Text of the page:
Halloween is a holiday that I have looked forward to every single year since I was a kid. There's something so irresistibly fun about dressing up, going out with friends, eating loads of candy, and overall, having a great time - but this year, I couldn't bring myself to go out and enjoy myself as I have in the past.

Unfortunately, I ended up having some important tests to study for and take around spooky season this year. Conveniently enough, all my tests have been centered on Wednesdays - the very day that Halloween was on in 2018. As a result, I ended up being pretty exhausted. As soon as I got home, I immediately crashed for a while. Later, I actually did end up getting dressed up in a costume (albeit the same one as last year) with a couple destinations in mind. Perhaps I'd go pass by a few Halloween parties, go to Target and buy some candy, or get a free treat at Jeremiah's. Ultimately, I ended up only going to Chipotle in costume. I then immediately got out of costume as soon as I got home, got in bed, and slept.

As a fledgling adult, part of me hates the fact that the enjoyment of my Halloweens (and every other holiday, for that matter) have now become subjected to the whims of whatever responsibilities I have to deal with. It sounds childish, but feel like I am divorcing myself from the few traditions I have in life, and I feel a twinge of guilt about it. I also feel guilty in the sense that I might not be "trying hard enough" to keep these traditions in my life. Time is the only constant in life, yet I feel as if I'm losing grasp on making the days that are supposed to be *special* meaningful in that way.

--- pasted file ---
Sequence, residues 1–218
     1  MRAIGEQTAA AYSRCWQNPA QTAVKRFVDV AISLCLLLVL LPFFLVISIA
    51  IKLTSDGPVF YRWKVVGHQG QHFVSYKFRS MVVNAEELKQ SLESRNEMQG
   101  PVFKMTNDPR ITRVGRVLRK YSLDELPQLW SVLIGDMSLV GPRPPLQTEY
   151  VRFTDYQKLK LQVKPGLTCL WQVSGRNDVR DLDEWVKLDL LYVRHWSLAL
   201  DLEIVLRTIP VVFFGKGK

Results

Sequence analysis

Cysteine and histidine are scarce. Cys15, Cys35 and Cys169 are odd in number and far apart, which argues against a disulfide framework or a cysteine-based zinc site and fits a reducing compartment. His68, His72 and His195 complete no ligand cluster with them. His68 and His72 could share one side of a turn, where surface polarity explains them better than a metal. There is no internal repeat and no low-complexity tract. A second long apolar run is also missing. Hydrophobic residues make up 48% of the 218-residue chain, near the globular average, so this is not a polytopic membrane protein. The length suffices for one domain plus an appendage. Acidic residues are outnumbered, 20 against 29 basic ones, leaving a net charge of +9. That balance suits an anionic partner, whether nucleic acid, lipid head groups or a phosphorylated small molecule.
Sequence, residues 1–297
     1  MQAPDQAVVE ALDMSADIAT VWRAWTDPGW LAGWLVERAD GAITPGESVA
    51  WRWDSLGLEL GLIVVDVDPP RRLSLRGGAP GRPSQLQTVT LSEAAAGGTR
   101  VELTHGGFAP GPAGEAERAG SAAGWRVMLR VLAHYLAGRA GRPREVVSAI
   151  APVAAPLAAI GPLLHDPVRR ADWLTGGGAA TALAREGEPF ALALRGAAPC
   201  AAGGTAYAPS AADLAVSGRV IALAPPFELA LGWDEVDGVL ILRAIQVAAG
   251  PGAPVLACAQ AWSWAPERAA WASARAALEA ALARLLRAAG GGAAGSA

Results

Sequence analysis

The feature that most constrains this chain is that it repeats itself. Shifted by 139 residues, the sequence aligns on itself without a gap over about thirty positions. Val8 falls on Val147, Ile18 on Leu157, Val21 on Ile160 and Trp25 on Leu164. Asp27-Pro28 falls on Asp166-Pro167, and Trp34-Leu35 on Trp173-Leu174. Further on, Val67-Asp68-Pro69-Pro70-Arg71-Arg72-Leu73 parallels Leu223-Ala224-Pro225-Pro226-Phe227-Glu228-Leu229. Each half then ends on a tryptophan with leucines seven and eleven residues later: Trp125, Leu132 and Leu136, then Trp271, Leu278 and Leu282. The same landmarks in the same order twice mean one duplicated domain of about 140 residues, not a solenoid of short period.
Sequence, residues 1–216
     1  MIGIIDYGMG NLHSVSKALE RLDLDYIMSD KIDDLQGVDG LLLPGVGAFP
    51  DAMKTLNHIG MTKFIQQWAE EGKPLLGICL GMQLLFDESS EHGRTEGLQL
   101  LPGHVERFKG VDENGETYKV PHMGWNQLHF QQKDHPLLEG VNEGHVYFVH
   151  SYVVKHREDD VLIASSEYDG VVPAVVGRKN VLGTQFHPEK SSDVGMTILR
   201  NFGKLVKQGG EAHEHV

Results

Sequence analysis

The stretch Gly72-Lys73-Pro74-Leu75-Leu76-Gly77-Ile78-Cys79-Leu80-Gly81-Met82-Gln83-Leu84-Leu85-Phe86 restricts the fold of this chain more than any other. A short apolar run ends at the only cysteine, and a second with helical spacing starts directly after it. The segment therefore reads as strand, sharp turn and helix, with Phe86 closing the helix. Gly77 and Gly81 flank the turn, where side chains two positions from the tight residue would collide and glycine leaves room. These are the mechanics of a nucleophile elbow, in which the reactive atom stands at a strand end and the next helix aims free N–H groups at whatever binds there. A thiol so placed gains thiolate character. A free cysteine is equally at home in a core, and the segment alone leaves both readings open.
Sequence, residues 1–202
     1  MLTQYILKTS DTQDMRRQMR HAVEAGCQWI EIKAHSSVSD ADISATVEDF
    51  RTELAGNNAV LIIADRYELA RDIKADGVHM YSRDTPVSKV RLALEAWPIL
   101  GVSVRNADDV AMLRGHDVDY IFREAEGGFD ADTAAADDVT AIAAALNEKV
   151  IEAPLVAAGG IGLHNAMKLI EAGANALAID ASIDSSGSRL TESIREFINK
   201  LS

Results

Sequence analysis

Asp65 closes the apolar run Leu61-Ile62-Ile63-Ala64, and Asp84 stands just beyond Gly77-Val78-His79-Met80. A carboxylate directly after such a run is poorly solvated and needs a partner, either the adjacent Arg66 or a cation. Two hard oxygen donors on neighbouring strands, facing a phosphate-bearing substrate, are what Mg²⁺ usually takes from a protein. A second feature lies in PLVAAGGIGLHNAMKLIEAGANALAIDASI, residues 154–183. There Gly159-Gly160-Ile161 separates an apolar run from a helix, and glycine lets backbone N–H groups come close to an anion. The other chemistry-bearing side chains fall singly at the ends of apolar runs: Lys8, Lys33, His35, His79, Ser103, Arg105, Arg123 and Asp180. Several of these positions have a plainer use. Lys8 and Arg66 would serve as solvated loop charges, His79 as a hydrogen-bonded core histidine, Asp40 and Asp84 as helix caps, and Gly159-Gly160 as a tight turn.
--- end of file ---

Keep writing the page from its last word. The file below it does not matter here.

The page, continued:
Although these thoughts are on my mind, I know they're not exclusive to me. And, weirdly enough, although I feel a slight twinge of guilt, I don't feel regret for not celebrating Halloween as I'd like to. I was literally exhausted, and rest was what I needed. Forcing myself to go somewhere and get in the spirit would not have been productive for me.

It sounds strange to say, but this moment, in a small way, is like I'm coming of age. That concept doesn't just mean "becoming an adult" - it also has to do with making value judgments, and separating the "needs" from the "wants." In an ideal world, I'd love to have the time and energy to make a Halloween bucket list and actually carry it out. Realistically, I know that's not possible all the time. The twinge of guilt I felt about letting go of my preconceived notions of a good Halloween is just a twinge, but now I know why. I used to see the time I rested as time wasted, but in the end, it was time needed, and now I'm better off.

Usually, I like my Halloweens to have more pizzazz, but this year, a mundane Halloween is just what I needed.